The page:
Our waists tell a sad parking story

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Let’s pick on parking.

No, that’s not right. Let’s pick on parkers.

Kootenai County Commissioner Bill Brooks has probably cost himself a few county employee votes by proclaiming a $302,000 parking lot investment pretty much a waste of taxpayer dollars. But he’s right.

The “new” parking lot at the Administration Building added 11 parking spaces, from 87 to 98. Brooks’ anxiety arose not so much from the fact that those extra spaces went for about $27,500 apiece, but who’s probably parking in them.

County employees.

Brooks has estimated that 40 percent of the Admin Building parking spots on any given work day are filled by county employees’ vehicles. The Press checked with three people who work in the Admin Building, and all said they thought Brooks’ estimate was on the low side.

What frustrates the county commissioner and should frustrate taxpayers is that just two years ago, the county paid $1.3 million for a share of the huge parking lot just across Northwest Boulevard from the Admin Building. That $1.3 million “bought” 205 parking spaces for county employees and “county campus visitors” during weekday work hours. Cursory inspection of that lot suggests consistent, gross under-utilization. Many times it’s darn near empty.

Lest anybody thinks this editorial is singling out county administration building personnel as lazy, it’s not. The epidemic reaches much further than that.

It’s understandable when in the midst of winter, people want to park as close to grocery store doors as possible. Navigating a full cart through snow and slush is nobody’s idea of a good time.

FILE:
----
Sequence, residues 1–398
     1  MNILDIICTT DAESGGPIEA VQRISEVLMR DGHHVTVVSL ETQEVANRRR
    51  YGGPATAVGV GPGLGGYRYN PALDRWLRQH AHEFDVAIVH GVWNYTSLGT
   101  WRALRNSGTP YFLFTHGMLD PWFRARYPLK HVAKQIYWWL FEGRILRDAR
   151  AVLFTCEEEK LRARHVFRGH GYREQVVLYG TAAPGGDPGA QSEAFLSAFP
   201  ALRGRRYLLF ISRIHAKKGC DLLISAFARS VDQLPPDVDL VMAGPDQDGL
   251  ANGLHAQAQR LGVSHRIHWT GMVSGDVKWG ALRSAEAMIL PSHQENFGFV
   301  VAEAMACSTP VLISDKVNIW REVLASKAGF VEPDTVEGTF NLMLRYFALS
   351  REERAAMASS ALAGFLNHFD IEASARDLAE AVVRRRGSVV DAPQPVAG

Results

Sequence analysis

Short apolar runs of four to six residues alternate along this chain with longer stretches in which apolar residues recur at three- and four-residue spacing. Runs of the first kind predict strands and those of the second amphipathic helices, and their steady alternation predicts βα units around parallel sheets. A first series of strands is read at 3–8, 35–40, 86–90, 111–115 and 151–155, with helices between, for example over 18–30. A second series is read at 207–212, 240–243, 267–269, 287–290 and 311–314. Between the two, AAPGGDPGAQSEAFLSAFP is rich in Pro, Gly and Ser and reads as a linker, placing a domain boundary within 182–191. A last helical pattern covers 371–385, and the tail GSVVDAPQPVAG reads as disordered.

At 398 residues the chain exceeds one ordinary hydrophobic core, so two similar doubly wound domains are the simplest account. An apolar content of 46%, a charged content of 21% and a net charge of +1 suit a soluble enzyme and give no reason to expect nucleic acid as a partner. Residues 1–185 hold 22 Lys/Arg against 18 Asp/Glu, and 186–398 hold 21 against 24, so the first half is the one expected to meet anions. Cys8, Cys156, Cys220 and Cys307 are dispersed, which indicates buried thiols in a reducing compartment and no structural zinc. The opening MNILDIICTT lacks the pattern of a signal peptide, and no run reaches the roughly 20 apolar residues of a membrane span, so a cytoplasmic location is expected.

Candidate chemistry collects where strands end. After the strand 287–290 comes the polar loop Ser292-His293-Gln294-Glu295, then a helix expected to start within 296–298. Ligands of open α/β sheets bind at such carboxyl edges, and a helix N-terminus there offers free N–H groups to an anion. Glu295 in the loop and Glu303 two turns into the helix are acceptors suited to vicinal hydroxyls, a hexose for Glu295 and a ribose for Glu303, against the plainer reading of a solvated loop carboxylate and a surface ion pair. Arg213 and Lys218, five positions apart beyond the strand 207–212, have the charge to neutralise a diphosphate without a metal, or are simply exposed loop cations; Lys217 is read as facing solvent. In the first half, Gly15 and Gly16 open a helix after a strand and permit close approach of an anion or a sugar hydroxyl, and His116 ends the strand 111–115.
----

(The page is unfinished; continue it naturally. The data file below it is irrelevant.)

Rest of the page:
But even in gorgeous weather, watch seemingly healthy people park as close to a downtown store or restaurant as possible. Some, downtown observers have long noted, will drive around the block multiple times, waiting for just the right spot to open.

What’s maddening and hilarious at the same time is the behavior of people going to health clubs and gyms. They go to strengthen their hearts, among other biological apparatus. So why do so many curse when they have to walk an additional 12 steps after being denied their preferred parking perch?

What Brooks has observed at his place of employment is just one of countless examples of drivers in too much of a hurry and, yes, too blasted lazy to park over yonder and inhale a few extra lungfuls of fresh air. The difference is, county employees’ convenience is coming literally at taxpayer expense.

Leave the parking spots closest to your destination for those who physically need them. That’s not just considerate. It’s also a simple way to invest in your health.

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